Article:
Re-crafting Your Job Description & Relationships
Have you ever worked with people who have an uncanny ability to quickly form deep and lasting bonds with the people they work with? To the rest of us it seems like some sort of magic. What’s their trick? Cookies? Compliments? Christmas Cards? Most people, at least sometimes, struggle with work relationships that are tainted with mistrust, undermining, and exclusionary behavior. Bad relationships not only hurt, but they also waste time and resources and while distracting us from doing our best work and advancing our careers.
So what do we do in the face of toxic relationships? Some of us buy books, read blogs, go to trainings and sometimes even get coaching to help us deal with toxic relationships. Most of the advice we get from these sources is focused on building social skills or emotional competence. This is a very direct approach, and it makes sense. If you have a relationship problem, build your relationships skills to try to solve it. But what if, in addition to tackling the problem head on, we tried coming at it sideways? What if we try to detoxify our relationships by crafting our jobs, exposing the ways in which we are interdependent with others to do our jobs well?
Job crafting might help. Job crafting was proposed by researchers at the University of Michigan as new paradigm to replace job descriptions (Berg, Dutton, & Wrzeniewski, 2013). Traditional job descriptions tend to be rigid lists of duties and hierarchical reporting relationships, focusing on what needs to get done and the skills required to do it. Job crafting is different. It is a process in which you reimagine your job so that it is personally meaningful and intrinsically motivating to you. Such a process empowers you to make big changes in three ways: you think differently about your work, you undertake tasks differently within it, and you adjust who you do your work with. The process of clarifying or redesigning what you think, what you do and who you do it with is good for both you and your company. Job crafting has been associated with increased individual effectiveness, more attachment to the organization, and reduced absenteeism (Ghitulescu, 2007).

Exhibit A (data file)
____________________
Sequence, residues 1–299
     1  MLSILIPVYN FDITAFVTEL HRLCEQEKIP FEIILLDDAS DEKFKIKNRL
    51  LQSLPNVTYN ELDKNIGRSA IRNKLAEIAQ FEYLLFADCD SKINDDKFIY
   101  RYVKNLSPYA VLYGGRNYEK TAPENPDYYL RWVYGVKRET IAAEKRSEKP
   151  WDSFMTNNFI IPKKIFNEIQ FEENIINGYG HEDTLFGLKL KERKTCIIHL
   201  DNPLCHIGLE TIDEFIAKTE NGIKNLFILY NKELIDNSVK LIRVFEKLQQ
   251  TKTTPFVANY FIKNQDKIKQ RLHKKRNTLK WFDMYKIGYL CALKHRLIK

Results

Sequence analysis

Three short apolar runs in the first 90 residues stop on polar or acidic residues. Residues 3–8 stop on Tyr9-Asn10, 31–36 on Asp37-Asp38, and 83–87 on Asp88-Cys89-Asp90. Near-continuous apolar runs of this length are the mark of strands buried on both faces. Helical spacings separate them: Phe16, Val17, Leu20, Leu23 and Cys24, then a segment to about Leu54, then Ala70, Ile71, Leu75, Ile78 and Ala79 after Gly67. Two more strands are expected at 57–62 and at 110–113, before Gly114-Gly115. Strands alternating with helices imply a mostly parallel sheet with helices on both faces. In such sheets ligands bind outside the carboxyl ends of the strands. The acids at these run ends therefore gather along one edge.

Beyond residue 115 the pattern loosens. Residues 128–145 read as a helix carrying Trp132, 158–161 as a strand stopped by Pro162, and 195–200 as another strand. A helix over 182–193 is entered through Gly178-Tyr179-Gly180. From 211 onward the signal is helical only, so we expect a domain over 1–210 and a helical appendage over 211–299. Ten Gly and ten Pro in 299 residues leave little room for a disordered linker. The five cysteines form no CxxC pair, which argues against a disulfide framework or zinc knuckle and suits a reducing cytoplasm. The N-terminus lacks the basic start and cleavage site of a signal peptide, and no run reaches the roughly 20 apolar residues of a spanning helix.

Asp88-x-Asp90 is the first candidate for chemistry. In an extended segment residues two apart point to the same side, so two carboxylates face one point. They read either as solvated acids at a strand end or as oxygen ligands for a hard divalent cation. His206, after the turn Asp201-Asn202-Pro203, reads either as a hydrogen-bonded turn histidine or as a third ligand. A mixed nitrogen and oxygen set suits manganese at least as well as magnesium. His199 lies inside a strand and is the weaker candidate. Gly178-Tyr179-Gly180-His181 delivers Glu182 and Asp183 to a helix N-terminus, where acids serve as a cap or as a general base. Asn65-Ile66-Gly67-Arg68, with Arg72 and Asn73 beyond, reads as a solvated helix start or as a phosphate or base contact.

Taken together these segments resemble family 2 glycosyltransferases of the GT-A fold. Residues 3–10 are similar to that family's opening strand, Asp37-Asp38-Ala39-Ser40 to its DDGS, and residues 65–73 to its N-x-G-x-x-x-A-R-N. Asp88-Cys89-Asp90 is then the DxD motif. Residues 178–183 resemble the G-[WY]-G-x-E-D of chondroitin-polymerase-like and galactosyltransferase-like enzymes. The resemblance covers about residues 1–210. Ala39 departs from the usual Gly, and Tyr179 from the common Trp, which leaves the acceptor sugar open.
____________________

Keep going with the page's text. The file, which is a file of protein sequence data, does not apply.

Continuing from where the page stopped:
But what about relationships? Job crafting might improve your work relationships by making you and others aware of your interdependence on each other. When you engage in the process of job crafting you articulate the landscape of who you depend on and who depends on you in your work. It’s not enough to say that one of your duties is to generate a status report each month. That might be okay for a job description. In job crafting, you are expected to describe the landscape of interdependencies, so you would also identify who is receiving that monthly report and how they use it to meet their goals, as well as who provides you with information for the report and how doing so aligns with your and their goals. This is good for your relationships because information about interdependencies increases prosocial motivation, which is associated with strengthened relationships (Grant, 2007).
When you know who depends on you and why, then you know how you contribute to their success, and you see yourself as providing benefits to them. When you get a sense of your impact on other people, you also increase your motivation to make a positive difference in their lives. When you make a positive difference in people’s lives, you get to experience yourself as “a competent, self-determined and socially valued individual, so relationships thus shape and are shaped by the motivation to make a prosocial difference” (Grant, 2007, p. 405).
So, if you want to improve your workplace relationships, by all means bake cookies and send cards; these are not bad strategies. But if you want to take a step that might have deep and lasting prosocial consequences in your work relationships, try job crafting and articulating the interdependencies of your work.
Berg, J. M., Dutton, J. E., & Wrzesniewski, A. (2013). Job crafting and meaningful work. Purpose and meaning in the workplace, 81-104.
Ghitulescu, B. E. (2007). Shaping tasks and relationships at work: Examining the antecedents and consequences of employee job crafting (Doctoral dissertation). Retrieved from University of Pittsburgh.
Grant, A. M. (2007). Relational job design and the motivation to make a prosocial difference. Academy of Management Review, 32(2), 393-417.
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